Madeleine LeBeau, a French actress who fled Nazi-occupied Europe for Hollywood, where she made the best of a small role as the scorned girlfriend of Humphrey Bogart’s Rick Blaine in “Casablanca,” died May 1 in Estepona, Spain. She was widely reported to be 92.
The cause was complications from a broken thigh bone, her stepson, documentary filmmaker and mountaineer Carlo Alberto Pinelli, told the Hollywood Reporter.
Ms. LeBeau (sometimes credited as Lebeau) was the last surviving credited cast member of “Casablanca” (1942), which the American Film Institute lists as the second greatest movie of all time. “Citizen Kane” is No. 1, according to the film preservation group.
“Casablanca” was intended as wartime propaganda, but it was also a riveting potboiler of romance and intrigue that won Oscars for best picture, director and screenplay. The stars were Bogart, as a cynical American who runs a saloon in Morocco, and Ingrid Bergman as an old flame from Paris who turns up and stirs his pre-war passion.
The rest of the movie was stuffed with first-rate character actors from around the world, including Ms. LeBeau’s then-husband, Marcel Dalio, as Emil the croupier. In one of the movie’s most indelible scenes, he hands over winnings to the corrupt police official Louis Renault (played by Claude Rains) who is “shocked, shocked” to find gambling on the premises.
For Ms. LeBeau, “Casablanca” was the seminal performance of her career. She played Yvonne, the cast-off lover of Bogart’s worldweary Rick.
“Where were you last night?” Yvonne asks.
Rick: “That’s so long ago, I don’t remember.”
Yvonne: “Will I see you tonight?”
Rick: “I never make plans that far ahead.”
Neglected by Rick, a drunken Yvonne steps out with a German soldier. She regains her moral compass back at the nightclub as she hears patrons sing “La Marseillaise” in an attempt to drown out a German patriotic song. Her close-ups are tearful and defiant.
Ms. LeBeau said she hoped “Casablanca” would catapult her to great demand in Hollywood. It did not.
She told Charlotte Chandler, a Bergman biographer, “It wasn’t that I was cut out, it was because they kept changing the script and, each time they changed it, I had less of a part. It wasn’t personal, but I was so disappointed.”
She later played a temperamental French actress in filmmaker Federico Fellini’s Oscar-winning “8 1/2” (1963), which her second husband co-wrote.
Marie Madeleine Berthe LeBeau was born near Paris in the early 1920s — the dates fluctuate between 1921 and 1923. In her teens, she landed a tiny role in a play with Dalio, who was about 20 years her senior and struck by her beauty. They soon married, and Ms. LeBeau made her screen debut in a 1939 drama, “Young Girls in Trouble.”
The next year, they left Paris just hours ahead of the invading German army; Dalio’s image had been used in Nazi posters to identify Jewish-looking features. They made their way to Lisbon and, using what turned out to be forged Chilean visas, booked passage on a Portuguese cargo ship, the Quanza, that was taking more than 300 refugees to the west.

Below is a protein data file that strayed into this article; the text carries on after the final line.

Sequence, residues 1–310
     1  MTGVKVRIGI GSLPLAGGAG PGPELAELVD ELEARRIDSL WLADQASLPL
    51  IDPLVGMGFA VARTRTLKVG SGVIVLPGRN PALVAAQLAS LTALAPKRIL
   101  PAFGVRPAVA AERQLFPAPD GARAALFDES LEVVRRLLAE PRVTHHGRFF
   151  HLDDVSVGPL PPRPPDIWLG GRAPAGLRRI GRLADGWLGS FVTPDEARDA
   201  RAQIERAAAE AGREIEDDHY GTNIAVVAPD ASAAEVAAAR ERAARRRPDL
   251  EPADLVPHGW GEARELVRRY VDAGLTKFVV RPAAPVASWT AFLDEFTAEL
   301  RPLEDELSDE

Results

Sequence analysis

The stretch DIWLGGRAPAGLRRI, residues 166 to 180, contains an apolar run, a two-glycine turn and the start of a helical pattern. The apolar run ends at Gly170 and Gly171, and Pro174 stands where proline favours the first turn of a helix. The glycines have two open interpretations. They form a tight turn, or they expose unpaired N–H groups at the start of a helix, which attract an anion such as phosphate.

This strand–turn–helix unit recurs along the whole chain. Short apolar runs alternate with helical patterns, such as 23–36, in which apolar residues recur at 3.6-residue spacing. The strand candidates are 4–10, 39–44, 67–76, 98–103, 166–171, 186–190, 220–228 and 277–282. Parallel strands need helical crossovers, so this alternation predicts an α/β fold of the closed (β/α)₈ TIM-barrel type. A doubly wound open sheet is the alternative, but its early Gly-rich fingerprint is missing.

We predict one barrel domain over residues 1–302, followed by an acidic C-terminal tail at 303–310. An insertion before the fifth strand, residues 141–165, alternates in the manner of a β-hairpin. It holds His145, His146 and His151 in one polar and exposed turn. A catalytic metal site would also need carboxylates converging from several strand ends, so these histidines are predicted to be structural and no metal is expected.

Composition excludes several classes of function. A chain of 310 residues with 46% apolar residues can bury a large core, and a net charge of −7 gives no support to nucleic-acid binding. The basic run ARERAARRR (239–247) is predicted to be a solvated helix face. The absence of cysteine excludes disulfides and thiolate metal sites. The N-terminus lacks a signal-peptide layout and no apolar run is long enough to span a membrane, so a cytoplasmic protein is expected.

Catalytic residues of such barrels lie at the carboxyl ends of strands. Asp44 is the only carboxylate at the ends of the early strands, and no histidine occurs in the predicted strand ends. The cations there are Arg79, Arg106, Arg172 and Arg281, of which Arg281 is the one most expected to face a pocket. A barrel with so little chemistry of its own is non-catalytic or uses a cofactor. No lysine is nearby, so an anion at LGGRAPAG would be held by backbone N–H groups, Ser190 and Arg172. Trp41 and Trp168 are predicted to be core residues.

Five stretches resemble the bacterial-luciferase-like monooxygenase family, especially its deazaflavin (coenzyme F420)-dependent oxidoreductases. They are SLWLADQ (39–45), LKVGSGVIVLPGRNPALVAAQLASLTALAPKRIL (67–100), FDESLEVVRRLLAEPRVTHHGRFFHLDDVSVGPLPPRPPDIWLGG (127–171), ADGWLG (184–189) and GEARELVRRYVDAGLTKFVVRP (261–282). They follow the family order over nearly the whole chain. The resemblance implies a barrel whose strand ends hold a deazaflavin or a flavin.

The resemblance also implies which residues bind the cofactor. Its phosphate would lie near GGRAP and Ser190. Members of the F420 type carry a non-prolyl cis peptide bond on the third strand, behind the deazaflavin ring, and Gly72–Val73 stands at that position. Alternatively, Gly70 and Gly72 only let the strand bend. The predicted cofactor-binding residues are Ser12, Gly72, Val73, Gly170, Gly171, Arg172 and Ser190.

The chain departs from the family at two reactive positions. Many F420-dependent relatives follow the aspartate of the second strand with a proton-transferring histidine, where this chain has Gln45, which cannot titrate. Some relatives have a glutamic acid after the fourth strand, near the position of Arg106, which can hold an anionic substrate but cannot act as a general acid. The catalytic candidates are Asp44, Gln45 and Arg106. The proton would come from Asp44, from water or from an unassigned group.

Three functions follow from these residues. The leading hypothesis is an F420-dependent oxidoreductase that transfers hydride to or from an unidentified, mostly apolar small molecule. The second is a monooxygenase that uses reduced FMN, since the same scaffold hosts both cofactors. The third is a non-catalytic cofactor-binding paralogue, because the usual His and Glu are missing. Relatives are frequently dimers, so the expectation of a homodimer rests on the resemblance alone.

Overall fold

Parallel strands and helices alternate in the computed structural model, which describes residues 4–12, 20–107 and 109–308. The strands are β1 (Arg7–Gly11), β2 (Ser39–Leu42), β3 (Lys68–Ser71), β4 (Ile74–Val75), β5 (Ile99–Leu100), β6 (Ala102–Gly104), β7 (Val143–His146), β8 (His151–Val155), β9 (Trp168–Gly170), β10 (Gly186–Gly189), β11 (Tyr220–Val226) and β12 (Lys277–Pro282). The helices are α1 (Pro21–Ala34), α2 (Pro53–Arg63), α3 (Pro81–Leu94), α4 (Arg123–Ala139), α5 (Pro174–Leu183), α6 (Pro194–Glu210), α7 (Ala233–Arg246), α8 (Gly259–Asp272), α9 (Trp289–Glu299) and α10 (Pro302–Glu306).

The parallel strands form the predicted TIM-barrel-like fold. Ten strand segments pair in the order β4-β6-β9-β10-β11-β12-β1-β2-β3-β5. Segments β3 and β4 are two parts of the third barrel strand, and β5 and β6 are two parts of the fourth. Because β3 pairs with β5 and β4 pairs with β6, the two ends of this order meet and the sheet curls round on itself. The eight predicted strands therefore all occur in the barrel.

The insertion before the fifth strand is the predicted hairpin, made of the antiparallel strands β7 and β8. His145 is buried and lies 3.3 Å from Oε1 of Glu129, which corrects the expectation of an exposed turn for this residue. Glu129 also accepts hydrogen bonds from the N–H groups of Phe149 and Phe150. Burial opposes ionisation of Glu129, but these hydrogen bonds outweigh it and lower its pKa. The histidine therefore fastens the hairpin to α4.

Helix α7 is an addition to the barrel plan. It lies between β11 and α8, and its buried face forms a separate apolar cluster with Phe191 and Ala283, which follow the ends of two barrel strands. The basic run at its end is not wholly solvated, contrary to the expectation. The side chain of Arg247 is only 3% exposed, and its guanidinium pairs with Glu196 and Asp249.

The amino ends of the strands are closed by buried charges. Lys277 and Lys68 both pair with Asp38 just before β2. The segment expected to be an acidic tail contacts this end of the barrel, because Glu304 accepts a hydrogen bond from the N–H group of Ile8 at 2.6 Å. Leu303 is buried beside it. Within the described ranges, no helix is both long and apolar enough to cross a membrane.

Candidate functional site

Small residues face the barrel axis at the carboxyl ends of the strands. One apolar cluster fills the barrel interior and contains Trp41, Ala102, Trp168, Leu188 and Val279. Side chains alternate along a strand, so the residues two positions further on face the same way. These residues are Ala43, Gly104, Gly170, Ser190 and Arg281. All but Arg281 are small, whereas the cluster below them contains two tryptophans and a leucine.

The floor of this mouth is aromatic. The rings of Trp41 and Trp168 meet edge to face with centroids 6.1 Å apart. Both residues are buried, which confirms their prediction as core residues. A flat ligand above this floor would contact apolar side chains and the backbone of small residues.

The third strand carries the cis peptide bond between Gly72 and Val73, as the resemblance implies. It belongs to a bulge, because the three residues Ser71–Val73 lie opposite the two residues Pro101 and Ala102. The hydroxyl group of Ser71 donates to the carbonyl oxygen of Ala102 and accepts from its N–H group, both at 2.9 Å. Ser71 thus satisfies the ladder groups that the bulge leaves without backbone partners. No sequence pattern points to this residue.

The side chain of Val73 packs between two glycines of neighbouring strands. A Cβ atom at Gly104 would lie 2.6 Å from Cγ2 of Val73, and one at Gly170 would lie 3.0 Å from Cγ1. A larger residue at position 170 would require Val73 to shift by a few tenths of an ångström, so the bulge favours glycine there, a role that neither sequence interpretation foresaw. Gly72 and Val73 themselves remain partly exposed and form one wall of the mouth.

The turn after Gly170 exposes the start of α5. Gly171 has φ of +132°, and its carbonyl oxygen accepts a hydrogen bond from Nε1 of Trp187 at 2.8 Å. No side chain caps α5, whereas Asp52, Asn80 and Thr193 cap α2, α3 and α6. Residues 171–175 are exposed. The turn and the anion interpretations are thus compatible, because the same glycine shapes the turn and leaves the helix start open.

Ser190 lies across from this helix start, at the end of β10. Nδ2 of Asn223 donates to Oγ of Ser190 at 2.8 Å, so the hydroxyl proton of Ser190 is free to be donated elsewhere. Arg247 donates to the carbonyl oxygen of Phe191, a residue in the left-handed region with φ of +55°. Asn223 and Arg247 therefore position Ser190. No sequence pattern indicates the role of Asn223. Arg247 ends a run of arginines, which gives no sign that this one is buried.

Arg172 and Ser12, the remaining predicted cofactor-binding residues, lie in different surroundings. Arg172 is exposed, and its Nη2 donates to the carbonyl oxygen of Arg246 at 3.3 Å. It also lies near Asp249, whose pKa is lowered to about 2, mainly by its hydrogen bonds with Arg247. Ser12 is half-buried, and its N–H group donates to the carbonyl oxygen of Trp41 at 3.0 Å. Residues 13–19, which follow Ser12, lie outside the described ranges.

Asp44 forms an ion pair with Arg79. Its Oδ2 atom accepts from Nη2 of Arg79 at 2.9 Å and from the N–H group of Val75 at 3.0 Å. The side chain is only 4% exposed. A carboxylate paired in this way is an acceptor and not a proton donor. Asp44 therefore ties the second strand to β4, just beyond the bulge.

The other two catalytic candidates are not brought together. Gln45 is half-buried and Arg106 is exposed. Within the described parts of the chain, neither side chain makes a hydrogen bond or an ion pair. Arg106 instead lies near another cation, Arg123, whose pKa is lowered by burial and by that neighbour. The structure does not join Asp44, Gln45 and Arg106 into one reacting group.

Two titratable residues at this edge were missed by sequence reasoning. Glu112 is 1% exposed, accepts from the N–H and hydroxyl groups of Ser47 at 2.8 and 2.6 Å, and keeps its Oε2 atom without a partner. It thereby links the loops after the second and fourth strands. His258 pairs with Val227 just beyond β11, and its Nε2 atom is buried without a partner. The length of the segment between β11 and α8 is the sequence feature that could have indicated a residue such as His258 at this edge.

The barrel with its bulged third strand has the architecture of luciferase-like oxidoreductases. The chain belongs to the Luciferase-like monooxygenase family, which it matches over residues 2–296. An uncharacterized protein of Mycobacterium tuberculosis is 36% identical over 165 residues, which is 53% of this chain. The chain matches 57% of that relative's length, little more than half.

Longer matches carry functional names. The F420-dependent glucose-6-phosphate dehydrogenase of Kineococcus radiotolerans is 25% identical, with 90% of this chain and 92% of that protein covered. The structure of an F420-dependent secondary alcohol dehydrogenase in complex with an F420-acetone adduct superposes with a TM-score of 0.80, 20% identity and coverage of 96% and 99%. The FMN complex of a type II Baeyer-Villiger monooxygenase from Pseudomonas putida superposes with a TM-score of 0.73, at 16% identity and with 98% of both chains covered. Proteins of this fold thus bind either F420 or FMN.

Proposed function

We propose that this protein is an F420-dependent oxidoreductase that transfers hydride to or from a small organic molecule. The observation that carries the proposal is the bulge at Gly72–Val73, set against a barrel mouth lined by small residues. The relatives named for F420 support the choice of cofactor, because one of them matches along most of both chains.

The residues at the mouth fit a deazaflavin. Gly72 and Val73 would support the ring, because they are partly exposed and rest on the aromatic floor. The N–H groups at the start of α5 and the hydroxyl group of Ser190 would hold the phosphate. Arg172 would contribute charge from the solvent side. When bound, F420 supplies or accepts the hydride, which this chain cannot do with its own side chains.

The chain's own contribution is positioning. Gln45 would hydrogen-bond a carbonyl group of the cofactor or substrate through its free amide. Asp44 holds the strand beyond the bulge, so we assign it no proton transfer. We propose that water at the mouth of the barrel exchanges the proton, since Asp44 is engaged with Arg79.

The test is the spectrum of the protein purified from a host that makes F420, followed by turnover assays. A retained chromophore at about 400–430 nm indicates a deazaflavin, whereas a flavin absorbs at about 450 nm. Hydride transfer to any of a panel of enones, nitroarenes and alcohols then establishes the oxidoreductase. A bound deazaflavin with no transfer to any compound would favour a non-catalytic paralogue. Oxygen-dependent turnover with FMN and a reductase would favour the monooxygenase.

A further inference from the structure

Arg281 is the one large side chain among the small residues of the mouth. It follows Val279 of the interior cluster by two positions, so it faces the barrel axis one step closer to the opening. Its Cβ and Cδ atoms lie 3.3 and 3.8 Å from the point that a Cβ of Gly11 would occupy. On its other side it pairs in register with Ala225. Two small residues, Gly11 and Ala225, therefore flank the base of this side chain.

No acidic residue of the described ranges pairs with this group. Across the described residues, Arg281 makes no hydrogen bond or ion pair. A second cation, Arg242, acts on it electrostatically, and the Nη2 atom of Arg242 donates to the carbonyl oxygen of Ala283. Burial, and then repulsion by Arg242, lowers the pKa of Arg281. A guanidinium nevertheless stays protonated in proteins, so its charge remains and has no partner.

Many of the passengers were not allowed to disembark in New York or the next port-of-call, Vera Cruz, Mexico. However, Dalio and Ms. LeBeau secured temporary Canadian visas in Mexico and made their way to California. (The other passengers received visas through the U.S. State Department when they arrived in Norfolk, Va.)
Dalio, who had prominent roles in filmmaker Jean Renoir’s masterpieces “Grand Illusion” (1937) and “The Rules of the Game” (1939), helped secure work for the couple in Hollywood.
Ms. LeBeau won a contract at Warner Bros. and had minor roles in “Hold Back the Dawn” (1941), a drama starring Charles Boyer and Olivia de Havilland, and “Gentleman Jim” (1942) with Errol Flynn as the boxing champ James J. Corbett.
Ms. LeBeau’s marriage to Dalio disintegrated during the making of “Casablanca” — he filed suit, claiming desertion — and the studio soon terminated her contract. As a freelancer, she earned supporting roles in the French underground drama “Paris After Dark” (1943) and “Music for Millions,” (1944), a musical with Margaret O’Brien and Jimmy Durante.
After the war, Ms. LeBeau returned to Europe. Reviewing her performance as a singer in “Cage of Gold,” a 1950 English drama starring Jean Simmons, a New York Times critic wrote that Ms. LeBeau seemed “undecided whether to imitate Edith Piaf or storm the Bastille.”
She had a rare leading role in “The Sins of Madeleine” (1951), about a prostitute who uses the ruse of pregnancy to end relationships with men, only to find one of her clients is delighted at the prospect of being a father.
Her film career ended by the late 1960s, and she remained in Rome after making “8 1/2.” In 1988, she wed Italian screenwriter Tullio Pinelli. He died in 2009. A complete list of survivors was not immediately available.
A Princeton PhD, was a US diplomat for over 20 years, mostly in Eastern Europe, and was promoted to the Senior Foreign Service in 1997. For the Open World Leadership Center, he speaks with
its delegates from Europe/Eurasia on the topic, "E Pluribus Unum? What Keeps the United States United." Affiliated with Georgetown University for over ten years, he shares ideas with students about public diplomacy.
The papers of his deceased father -- poet and diplomat John L. Brown -- are stored at Georgetown University Special Collections at the Lauinger Library. They are manuscript materials valuable to scholars interested in post-WWII U.S.-European cultural relations.
This blog is dedicated to him, Dr. John L. Brown, a remarkable linguist/humanist who wrote in the Foreign Service Journal (1964) -- years before "soft power" was ever coined -- that "The CAO [Cultural Affairs Officer] soon comes to realize that his job is really a form of love-making and that making love is never really successful unless both partners are participating."